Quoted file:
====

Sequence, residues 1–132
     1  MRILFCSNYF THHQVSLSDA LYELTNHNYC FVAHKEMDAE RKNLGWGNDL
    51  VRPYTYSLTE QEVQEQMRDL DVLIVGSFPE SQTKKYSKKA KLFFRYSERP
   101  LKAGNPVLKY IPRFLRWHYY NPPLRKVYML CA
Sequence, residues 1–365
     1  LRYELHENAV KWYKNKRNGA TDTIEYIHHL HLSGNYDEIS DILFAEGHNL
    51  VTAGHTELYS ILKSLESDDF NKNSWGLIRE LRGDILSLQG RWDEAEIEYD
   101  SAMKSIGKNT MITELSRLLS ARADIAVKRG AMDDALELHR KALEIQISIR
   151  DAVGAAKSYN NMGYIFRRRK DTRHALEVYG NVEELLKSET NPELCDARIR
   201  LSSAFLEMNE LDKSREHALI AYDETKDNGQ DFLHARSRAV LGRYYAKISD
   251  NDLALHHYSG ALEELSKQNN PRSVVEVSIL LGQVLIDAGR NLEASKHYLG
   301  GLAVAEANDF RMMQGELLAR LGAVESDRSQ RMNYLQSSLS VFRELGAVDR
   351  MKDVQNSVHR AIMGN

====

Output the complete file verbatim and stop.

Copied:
Sequence, residues 1–132
     1  MRILFCSNYF THHQVSLSDA LYELTNHNYC FVAHKEMDAE RKNLGWGNDL
    51  VRPYTYSLTE QEVQEQMRDL DVLIVGSFPE SQTKKYSKKA KLFFRYSERP
   101  LKAGNPVLKY IPRFLRWHYY NPPLRKVYML CA
Sequence, residues 1–365
     1  LRYELHENAV KWYKNKRNGA TDTIEYIHHL HLSGNYDEIS DILFAEGHNL
    51  VTAGHTELYS ILKSLESDDF NKNSWGLIRE LRGDILSLQG RWDEAEIEYD
   101  SAMKSIGKNT MITELSRLLS ARADIAVKRG AMDDALELHR KALEIQISIR
   151  DAVGAAKSYN NMGYIFRRRK DTRHALEVYG NVEELLKSET NPELCDARIR
   201  LSSAFLEMNE LDKSREHALI AYDETKDNGQ DFLHARSRAV LGRYYAKISD
   251  NDLALHHYSG ALEELSKQNN PRSVVEVSIL LGQVLIDAGR NLEASKHYLG
   301  GLAVAEANDF RMMQGELLAR LGAVESDRSQ RMNYLQSSLS VFRELGAVDR
   351  MKDVQNSVHR AIMGN